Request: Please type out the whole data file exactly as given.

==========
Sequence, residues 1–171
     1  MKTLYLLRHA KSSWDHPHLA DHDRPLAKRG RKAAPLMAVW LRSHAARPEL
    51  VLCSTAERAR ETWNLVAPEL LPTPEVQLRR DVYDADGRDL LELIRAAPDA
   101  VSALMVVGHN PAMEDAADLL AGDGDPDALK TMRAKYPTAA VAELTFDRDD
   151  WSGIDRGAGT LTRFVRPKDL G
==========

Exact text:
Sequence, residues 1–171
     1  MKTLYLLRHA KSSWDHPHLA DHDRPLAKRG RKAAPLMAVW LRSHAARPEL
    51  VLCSTAERAR ETWNLVAPEL LPTPEVQLRR DVYDADGRDL LELIRAAPDA
   101  VSALMVVGHN PAMEDAADLL AGDGDPDALK TMRAKYPTAA VAELTFDRDD
   151  WSGIDRGAGT LTRFVRPKDL G